Michael McLaren: As I said, regarding languages – the study of languages is declining. I think it’s a shame to see that. The number of students taking on a second language has significantly fallen in the last 50 years from 40 per cent of year 12 students to just 12 per cent today. It’s a big drop in anyone’s books.
Now, the Federal Government is trying to bring the numbers back up but I think that is a good initiative. They’re throwing a bit of money at this and they’re starting it when the kids are young. In fact, they’re starting with a tablet application in pre-school years. Now, people are studying one of five languages using this: Mandarin, Japanese, Indonesian, French and Arabic. And the results of the initial trial were released today.
Simon Birmingham is the Federal Minister for Education and Training. He’s behind all of this, he’s on the line. Minister Birmingham, good to have your company.
Simon Birmingham: Good afternoon Michael and good afternoon to your listeners.
Michael McLaren: How did the result- how did the trial go? The results are in today – a success, failure or otherwise?
Simon Birmingham: A relative success. We’re quite encouraged by this trial which operated across 41 pre-schools and saw some 1600 or so pre-schoolers aged four and five participating in learning these different languages. Now it’s very much about providing them with something that is engaging for children that young. So it’s using technology which we all know that young children embrace very quickly and trying to put it to use in a manner that gives a good educational outcome, not just a course of fun and games for them. But for the kids themselves, they look at it, these applications are essentially games-based so it engages them, it’s fun but it’s talking to them in one of these five different languages that you said in your introduction.
And we really know from that that it can have two effects: one is to hopefully to advance their language skills; start them on a path of learning another language. But also that learning a second language, or a third language in some cases, at a very young age really does of course enhance other learning capabilities for the young children as well, and can give them a great start in terms of the rest of their schooling too.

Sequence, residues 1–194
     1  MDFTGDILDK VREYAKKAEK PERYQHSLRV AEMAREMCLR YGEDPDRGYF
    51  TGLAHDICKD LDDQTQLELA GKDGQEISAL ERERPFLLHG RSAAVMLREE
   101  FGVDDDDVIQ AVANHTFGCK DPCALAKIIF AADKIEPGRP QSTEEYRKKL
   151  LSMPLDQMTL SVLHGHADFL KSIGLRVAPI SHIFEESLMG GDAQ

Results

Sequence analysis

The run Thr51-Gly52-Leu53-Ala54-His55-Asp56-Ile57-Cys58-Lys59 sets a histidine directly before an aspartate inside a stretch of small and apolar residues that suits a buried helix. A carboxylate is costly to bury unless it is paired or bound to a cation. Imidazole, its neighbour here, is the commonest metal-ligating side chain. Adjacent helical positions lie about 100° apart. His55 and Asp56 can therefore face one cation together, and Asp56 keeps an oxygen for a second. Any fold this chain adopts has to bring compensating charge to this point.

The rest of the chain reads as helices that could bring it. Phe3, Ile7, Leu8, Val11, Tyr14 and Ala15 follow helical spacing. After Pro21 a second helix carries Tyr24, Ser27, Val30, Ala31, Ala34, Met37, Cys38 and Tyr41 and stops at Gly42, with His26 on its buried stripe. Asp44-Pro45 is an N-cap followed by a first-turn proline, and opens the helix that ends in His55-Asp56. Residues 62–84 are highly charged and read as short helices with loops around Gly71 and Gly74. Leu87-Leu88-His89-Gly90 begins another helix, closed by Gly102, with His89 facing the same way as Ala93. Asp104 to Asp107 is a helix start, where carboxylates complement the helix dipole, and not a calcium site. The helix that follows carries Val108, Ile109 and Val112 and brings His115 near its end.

Michael McLaren: You know, I think that’s true. What’s the Government hoping to achieve here with this multimillion dollar investment and broadening the breadth of languages that Australian know fluently? What’s the end goal here? Is there innovation in mind? Is there- I know that’s the buzz word at the moment – is there productivity gains that you envisage down the track?
Simon Birmingham: Look, there are a number of outcomes we hope for this. At the very big picture level we would hope that we do have an increase, a reversal of that decline in the number of students at year 12 level and senior secondary level studying a different language.
Michael McLaren: Yeah.
Simon Birmingham: Because it’s really important, especially in the Asia-Pacific region, that our students are as connected as possible and they have an understanding of economies and countries like Indonesia and China with whom we’ll be doing increasing trade in the years to come, notwithstanding some of the turbulence on markets we see at present that you were speaking about before …